On Tuesday the Prime Minister announced a new funding settlement for health and social care in England. This included an additional £6.6 billion for NHS England in 2022−23 and £3.6 billion in 2023−24, on top of pre-pandemic plans, in the face of ongoing pressures from the COVID-19 pandemic.

This new fundingwill likely be sufficient to cover COVID-19-related pressures on the NHS over the next two years, 2022−23 and 2023−24. And if the government achieves its objective of boosting NHS capacity by 10%, waiting lists could return to pre-pandemic levels within three or four years.

But the government’s new plans imply next-to-nothing in the way of additional virus-related support after that point, suggesting that the newly announced funding might be insufficient to meet virus-related pressures in the medium term: we estimate a possible shortfall of around £5 billion in 2024−25. The most likely outcome is that future top-ups will be made to meet ongoing pandemic-related cost and demand pressures on the health service.

These are amongst the findings of the first detailed, independent assessment of how the government’s new funding settlement compares with the pressures facing the health service, published today as a pre-released chapter of the 2021 IFS Green Budget, funded by the Nuffield Foundation and in partnership with Citi.

The research also finds that:

  • The NHS was showing clear signs of strain even before the pandemic began. The waiting list for elective treatment had grown by 50% since 2015; just 83% of A&E patients were seen within four hours in February 2020 (down from 92% in February 2015); and the estimated cost of eradicating the ‘high-risk’ maintenance backlog had quadrupled since 2010.
  • Following a decade of big budget increases, between 2009−10 and 2019−20 UK government health spending grew at an average real-terms rate of 1.6% per year – lower than any previous decade in NHS history. The NHS entered the pandemic with 39,000 nursing vacancies in England, and fewer doctors, hospital beds and CT scanners per person than in many similar countries. Continued public sector pay restraint has meant real-terms pay cuts for many NHS staff: average pay for consultants in 2021 is 9% lower in real terms than it was in 2011. It is 4% lower for junior doctors and 5% lower for nurses.
  • The new health and social care settlement provides an additional £11.2 billion for the Department of Health and Social Care (DHSC) in 2022−23 and £9.0 billion in 2023−24. Of that, around £1.8 billion each year is earmarked for social care (assuming that the £5.4 billion over three years is spread evenly). That leaves around £9 billion of additional funding in 2022−23 and £7 billion in 2023−24, to deal with health-related COVID-19 pressures: enough to meet our estimates of the pressures in those two years (which our analysis suggests will require £9 billion in 2022−23 and £6 billion in 2023−24).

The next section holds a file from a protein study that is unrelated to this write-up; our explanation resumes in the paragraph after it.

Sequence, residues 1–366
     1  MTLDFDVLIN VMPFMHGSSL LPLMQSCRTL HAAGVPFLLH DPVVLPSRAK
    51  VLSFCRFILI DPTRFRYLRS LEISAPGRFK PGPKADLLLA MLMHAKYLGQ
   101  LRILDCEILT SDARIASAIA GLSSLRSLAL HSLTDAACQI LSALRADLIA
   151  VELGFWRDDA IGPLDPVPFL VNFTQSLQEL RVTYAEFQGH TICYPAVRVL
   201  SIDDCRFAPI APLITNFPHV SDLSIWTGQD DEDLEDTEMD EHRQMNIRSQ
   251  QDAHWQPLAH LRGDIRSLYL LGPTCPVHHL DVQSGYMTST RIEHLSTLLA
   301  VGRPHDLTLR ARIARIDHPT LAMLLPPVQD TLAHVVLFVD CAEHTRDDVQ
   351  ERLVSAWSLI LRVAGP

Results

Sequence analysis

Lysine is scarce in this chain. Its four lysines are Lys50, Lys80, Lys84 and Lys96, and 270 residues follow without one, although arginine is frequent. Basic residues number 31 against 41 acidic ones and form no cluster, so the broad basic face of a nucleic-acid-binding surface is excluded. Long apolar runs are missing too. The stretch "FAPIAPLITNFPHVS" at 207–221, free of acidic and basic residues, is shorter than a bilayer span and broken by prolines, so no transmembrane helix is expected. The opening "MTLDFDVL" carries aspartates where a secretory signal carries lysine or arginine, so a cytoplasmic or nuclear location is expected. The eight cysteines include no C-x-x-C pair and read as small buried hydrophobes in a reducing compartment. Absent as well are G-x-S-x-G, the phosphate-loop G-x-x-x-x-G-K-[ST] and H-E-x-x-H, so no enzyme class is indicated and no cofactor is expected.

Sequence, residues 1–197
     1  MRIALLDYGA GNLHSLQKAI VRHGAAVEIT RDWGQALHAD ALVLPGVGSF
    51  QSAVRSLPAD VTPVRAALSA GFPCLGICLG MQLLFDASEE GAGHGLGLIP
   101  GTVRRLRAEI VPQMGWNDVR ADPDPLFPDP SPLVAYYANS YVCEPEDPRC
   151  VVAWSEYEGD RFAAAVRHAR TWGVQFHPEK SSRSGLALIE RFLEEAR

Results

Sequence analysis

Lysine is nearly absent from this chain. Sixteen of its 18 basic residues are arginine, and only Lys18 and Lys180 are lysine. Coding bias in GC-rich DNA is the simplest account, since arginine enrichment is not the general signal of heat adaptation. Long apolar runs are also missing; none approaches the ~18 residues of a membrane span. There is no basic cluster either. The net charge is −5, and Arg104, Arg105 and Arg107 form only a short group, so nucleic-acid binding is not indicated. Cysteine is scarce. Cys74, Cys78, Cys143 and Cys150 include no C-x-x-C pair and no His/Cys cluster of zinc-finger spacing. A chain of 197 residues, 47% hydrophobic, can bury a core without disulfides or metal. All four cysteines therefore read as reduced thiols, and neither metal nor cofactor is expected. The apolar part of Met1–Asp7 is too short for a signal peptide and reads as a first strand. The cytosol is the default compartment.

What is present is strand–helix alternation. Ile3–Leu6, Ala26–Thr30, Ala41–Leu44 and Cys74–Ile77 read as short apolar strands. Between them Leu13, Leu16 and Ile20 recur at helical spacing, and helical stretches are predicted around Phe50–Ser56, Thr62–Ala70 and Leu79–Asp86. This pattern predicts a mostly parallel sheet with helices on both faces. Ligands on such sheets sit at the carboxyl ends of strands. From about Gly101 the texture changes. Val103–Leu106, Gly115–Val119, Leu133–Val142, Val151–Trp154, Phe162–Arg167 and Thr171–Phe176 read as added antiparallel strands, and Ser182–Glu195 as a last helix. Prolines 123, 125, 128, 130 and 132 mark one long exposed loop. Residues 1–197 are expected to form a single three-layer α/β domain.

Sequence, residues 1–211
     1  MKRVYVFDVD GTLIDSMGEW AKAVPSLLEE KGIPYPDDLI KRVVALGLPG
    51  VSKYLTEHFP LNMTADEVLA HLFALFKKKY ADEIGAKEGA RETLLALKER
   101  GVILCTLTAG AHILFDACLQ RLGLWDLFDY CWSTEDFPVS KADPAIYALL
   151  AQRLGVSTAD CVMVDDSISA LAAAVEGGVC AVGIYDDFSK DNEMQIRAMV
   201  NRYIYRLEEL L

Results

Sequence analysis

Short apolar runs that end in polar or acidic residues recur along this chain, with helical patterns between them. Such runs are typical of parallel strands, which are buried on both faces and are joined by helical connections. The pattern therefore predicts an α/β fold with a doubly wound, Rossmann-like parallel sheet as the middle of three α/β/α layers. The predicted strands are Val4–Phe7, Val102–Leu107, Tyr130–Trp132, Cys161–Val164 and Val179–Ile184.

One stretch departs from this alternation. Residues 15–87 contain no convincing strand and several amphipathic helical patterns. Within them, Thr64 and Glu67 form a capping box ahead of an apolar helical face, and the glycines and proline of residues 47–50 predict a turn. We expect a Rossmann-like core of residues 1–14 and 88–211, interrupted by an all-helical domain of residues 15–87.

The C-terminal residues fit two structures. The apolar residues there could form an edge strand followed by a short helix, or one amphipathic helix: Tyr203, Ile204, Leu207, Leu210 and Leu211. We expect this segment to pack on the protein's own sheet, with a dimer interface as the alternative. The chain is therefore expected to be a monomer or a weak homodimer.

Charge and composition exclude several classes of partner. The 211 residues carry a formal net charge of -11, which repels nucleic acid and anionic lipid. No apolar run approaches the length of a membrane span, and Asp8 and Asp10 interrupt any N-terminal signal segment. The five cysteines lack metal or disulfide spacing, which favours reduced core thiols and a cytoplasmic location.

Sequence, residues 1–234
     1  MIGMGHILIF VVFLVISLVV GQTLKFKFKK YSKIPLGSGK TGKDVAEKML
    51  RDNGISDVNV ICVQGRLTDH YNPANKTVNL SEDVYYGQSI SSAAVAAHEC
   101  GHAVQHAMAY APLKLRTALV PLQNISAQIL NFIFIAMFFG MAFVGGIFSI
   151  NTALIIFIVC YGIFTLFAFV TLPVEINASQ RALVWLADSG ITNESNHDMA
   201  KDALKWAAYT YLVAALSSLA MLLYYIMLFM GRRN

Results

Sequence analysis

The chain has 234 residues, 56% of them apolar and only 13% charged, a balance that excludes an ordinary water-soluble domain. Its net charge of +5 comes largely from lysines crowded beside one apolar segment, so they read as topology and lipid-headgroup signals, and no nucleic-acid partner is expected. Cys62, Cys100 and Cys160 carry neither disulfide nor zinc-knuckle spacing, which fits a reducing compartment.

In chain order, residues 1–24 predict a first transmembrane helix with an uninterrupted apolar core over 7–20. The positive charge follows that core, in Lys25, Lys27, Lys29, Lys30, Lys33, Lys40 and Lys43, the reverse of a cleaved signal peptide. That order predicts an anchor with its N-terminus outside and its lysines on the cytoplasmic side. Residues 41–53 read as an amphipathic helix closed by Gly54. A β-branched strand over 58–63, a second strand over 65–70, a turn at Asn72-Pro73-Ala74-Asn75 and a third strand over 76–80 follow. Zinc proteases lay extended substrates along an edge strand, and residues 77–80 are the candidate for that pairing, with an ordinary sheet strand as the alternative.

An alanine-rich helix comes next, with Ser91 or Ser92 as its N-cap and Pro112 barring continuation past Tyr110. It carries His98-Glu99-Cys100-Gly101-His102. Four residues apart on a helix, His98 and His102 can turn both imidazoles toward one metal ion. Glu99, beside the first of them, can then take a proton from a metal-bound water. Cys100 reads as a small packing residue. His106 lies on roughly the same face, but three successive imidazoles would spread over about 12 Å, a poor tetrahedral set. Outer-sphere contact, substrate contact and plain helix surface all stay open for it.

• Within the total, the government’s settlement includes an extra £10.2 billion for NHS England over the first two years. This compares with estimated pressures of £10.4 billion in our central scenario, and so looks to be of about the ‘right’ scale.
  • This new funding announcement is far less likely to be sufficient in the medium term. The extra funding provided for the NHS in the recent announcement will result in spending growing at 3.9% a year between 2018−19 and 2024−25, exactly the same rate of growth as was planned between 2018−19 and 2023−24. That suggests that these new plans allow for little or no long-term additional costs as a result of the pandemic, whereas we estimate that virus-related pressures could amount to £5 billion in 2024−25. Meeting those ongoing pressures would likely require additional funding, or large savings from elsewhere in the NHS budget.
  • Looking ahead, direct COVID pressures will include the costs of treating patients with COVID-19 and ‘long COVID’, Test and Trace, vaccinations, PPE and other infection control measures. These pressures are substantial but are likely to fall rapidly from their current level. We estimate that the combined cost of meeting these direct pressures could be around £5.2 billion in 2022−23, falling to £2.0 billion in 2023−24 and £0.9 billion in 2024−25.
  • The indirect costs and pressures associated with the pandemic could be greater and more persistent. Millions of people missed out on NHS care during the pandemic. Much of this care will need to be delivered eventually and waiting lists are likely to rise rapidly as these ‘missing’ patients come forward. We estimate that the NHS could need £2.5 billion per year between 2022−23 and 2024−25 if it is to catch up on missed activity. This could be sufficient to return waiting lists to their pre-pandemic levels within three years, if the NHS finds effective ways to boost capacity and unit costs do not increase substantially.
  • The pandemic is also likely to save the NHS money in some areas. The move toremote outpatient appointments, combined with reduced demand as a result of COVID-19 deaths, could save the NHS at least £0.7 billion per year between 2022−23 and 2024 More broadly, the NHS has had to experiment hugely during the pandemic, and there are potential ‘upsides’ and gains from the resultant organisational learning.

Max Warner, a Research Economist at IFS and an author of the research, said:

‘The resources that the NHS will need to cope with pandemic-related pressures over the coming years are a huge known unknown. Based on our best estimates the funding announced by the Prime Minister this week should be enough to meet these pressures for the next two years. But the settlement seemingly allows for almost no additional virus-related spending in 2024–25, making it almost inevitable that these initial plans will be topped up down the line.’